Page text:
Courtship in Captivity
The yellow tang is a pelagic spawner. The male and the female will release sperm and eggs into the water column after a courting ritual, much like angelfish. They have not been bred in captivity to-date, and it's looking like a very difficult endeavor, even for large-scale breeding facilities.
© 2009 PirateFX
Bradford RichardNiemiec on December 24, 2018:
Tangs what could go with yellow tangs in a 55gallon tangs with5 blue yellow tail damsfish with live corals and live rock with live sand with a coral banned shrimp with two engineer golby s.and a star fish with some blue leg crabs and snails.
Keeton Schaff on July 08, 2016:
I don't have my tank yet but would 1 yellow tang, 2 clownfish, 9 Firefish, 2 pajama Cardinal fish, and 1 lawnmower Blenney be too much for a 48 gallon reef tank? If so what fish could I remove to make it work out.
Izzac on May 22, 2016:
I have a yellow Tang in a 30 Gallon Reef tank with a 6 line Wrasse and Clown fish. The Tang acclimated well and is eating algae and the shrimp mix I feed the others but supplement with see weed and other veggie mixes. The Tang is the biggest in the tank and mellowed out the semi aggressive fish in the tank mainly the Clown fish! The yellow Tang is a beautiful fish but needs great filtration and regular water changes. As I plan to upgrade to a much larger tank ( 150) do not buy one unless you can or are planning to move it to a larger tank as it grows. While beautiful they do get very large so don't buy one if your not willing to upgrade to a larger tank because it's death indeed for the fish. In my experience if you want to get into this hobby be ready to deal with the expense and time it takes. If not get a fresh water tank and a gold fish.
PirateFX (author) on May 01, 2012:
@Guess - While you may be right, we all went through this process. Its the knowledge that bridges the gap between the common 10 gallon aquarium with 20 goldfish and the 100 gallon reef that has at most 5 fishes. I feel its all about spreading the right message in the right manner.
Guess on April 27, 2012:
Most of the people doing posts here have a tremendous amount of learning to do. It is hard to beleive that so many will post such crazy ideas when it is olbious they have access to the internet for research. Many of you should start doing some research before you start buying fish like the Yellow Tang. Not buying then posting that is what you have, it makes you look bad. It makes people that you could get good advice from avoid you. My advise is to do a lot of reading, then ask questions, then maybe go forward from there.
Jadon on March 18, 2012:
Jadon here, I got my yellow tang today and he keeps acting like somethings following him or trying to get something off of him, what's wrong, and what should I do?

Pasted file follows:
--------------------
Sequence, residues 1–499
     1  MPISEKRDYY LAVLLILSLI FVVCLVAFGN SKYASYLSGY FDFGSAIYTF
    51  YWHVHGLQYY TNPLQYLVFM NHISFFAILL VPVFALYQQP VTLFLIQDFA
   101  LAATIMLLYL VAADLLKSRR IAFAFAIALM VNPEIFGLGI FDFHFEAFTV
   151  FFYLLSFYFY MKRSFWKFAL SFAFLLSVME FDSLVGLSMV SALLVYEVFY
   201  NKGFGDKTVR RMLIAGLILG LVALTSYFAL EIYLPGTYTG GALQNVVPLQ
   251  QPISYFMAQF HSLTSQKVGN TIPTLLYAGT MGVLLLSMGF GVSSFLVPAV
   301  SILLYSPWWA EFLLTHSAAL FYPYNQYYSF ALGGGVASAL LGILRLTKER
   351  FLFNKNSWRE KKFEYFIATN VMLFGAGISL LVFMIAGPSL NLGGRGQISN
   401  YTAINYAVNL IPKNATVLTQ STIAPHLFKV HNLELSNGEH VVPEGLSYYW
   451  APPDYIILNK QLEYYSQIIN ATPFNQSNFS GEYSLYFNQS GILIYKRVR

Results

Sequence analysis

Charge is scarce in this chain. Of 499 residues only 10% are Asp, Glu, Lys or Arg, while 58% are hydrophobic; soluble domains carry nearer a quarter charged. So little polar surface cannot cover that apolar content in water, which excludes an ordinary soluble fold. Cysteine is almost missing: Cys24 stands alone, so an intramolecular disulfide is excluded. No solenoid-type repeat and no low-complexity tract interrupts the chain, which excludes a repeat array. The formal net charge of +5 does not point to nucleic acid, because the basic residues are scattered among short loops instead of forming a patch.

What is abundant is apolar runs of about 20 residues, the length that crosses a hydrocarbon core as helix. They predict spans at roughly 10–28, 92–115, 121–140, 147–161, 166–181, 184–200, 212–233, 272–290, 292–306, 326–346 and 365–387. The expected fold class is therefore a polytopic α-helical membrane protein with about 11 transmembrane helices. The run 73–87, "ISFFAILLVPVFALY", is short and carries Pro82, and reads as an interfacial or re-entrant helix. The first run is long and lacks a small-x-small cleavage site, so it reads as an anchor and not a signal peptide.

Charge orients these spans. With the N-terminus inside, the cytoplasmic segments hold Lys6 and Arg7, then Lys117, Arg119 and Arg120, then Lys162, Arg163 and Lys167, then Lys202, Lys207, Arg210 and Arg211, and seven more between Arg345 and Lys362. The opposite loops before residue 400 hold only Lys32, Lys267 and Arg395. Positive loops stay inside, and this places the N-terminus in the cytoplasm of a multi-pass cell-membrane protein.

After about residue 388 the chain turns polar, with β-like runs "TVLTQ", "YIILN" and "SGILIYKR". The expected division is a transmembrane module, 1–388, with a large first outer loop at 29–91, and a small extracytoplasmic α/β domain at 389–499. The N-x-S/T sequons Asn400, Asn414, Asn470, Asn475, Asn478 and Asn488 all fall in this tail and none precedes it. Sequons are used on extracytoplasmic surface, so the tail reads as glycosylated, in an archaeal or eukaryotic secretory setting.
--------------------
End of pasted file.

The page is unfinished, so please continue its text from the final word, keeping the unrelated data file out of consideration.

Jadon on March 16, 2012:
I have a 29 gallon freshwater tank, it is a long 29 gal., and have 4 angelfish, and 1 guppy in it, they live in my tank, I feed regularly, and do water changes when I have time (on weekends), the type of angels are 1gold pearl scale, 1 marble, 1 leopard, 1 ghost, they are amazing!
Now on to my saltwater 29 gallon fish tank, it is a 29 gallon regular tank, I have 4 blue legged hermet crabs and 6 live/base rock, I also put a yellow tang on hold at my local fish store, it is about a half dollar size (as in the coin), i am planing on getting some other fish, but not sure what, any ideas? I might get 2 percula clowns and something else. Any ideas? Thanks!!!
PirateFX (author) on January 11, 2012:
Clueless - Sorry to hear about that. Peeling? Like how? Are there pieces of loose and tattered skin around it? It is being attacked by anything?
clueless on January 10, 2012:
please help my yellow tang has been wonderful and healthy hes in a 75 gallon tank with a niger trigger a percula clown and 2 green chromis his face looks almost attacked or peeling its sudden and the only thing that's has changed is we added some new zoos and a bubblegum mushroom any ideas? waters perfect any help welcomed thanks
LRuss on November 23, 2011:
My Yellow Tany began eating my Feather Dusters...so not like a Tany! What do you all think the problem is???
Phil on September 28, 2011:
I thought this was a joke post. Seriously. I thought someone was actually mocking people who overstock fish tanks. Cheeto's??
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I'm still pretty new to the hobby but at least i did 1 google search online before stuffing tons of fish into a tiny tank. 15 gallons for a trigger? 4 Tangs? Puffers? Some of these fish will grow to be almost a foot! If you want these fish you should be looking at a 100+ gallon tank. the Mandarin will need a large live food supply which = tons of live rock.
Your LFS should be ashamed for letting you do this.
go to live aquaria and read some fish profiles, there are lots of pretty nano fish that would be happy in your 15 gallon
Carlo on September 14, 2011:
If you walk into a fish store you will see that most fish are housed in 10 to 20 gallons some fish are keep there for months and survive but the is usually one or to fish per tank, the reason I say this is usually take longer growing time in smaller tank. Also the other point is think how much live rock you place in a 210 gallon tank how much room do you think you got?
smarter than u on June 14, 2011: